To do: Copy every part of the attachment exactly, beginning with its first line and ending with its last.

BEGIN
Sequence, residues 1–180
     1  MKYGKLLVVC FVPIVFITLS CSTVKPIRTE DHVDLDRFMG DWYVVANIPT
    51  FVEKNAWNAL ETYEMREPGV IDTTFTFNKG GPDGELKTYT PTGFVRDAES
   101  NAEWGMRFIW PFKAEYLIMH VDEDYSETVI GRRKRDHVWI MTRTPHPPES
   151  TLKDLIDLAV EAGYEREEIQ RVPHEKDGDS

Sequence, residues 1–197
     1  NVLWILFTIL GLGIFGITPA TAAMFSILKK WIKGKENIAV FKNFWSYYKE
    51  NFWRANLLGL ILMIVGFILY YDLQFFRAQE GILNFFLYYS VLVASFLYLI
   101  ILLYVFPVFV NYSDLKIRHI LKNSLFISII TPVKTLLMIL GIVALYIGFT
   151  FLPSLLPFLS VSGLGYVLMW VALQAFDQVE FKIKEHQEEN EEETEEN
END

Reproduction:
Sequence, residues 1–180
     1  MKYGKLLVVC FVPIVFITLS CSTVKPIRTE DHVDLDRFMG DWYVVANIPT
    51  FVEKNAWNAL ETYEMREPGV IDTTFTFNKG GPDGELKTYT PTGFVRDAES
   101  NAEWGMRFIW PFKAEYLIMH VDEDYSETVI GRRKRDHVWI MTRTPHPPES
   151  TLKDLIDLAV EAGYEREEIQ RVPHEKDGDS

Sequence, residues 1–197
     1  NVLWILFTIL GLGIFGITPA TAAMFSILKK WIKGKENIAV FKNFWSYYKE
    51  NFWRANLLGL ILMIVGFILY YDLQFFRAQE GILNFFLYYS VLVASFLYLI
   101  ILLYVFPVFV NYSDLKIRHI LKNSLFISII TPVKTLLMIL GIVALYIGFT
   151  FLPSLLPFLS VSGLGYVLMW VALQAFDQVE FKIKEHQEEN EEETEEN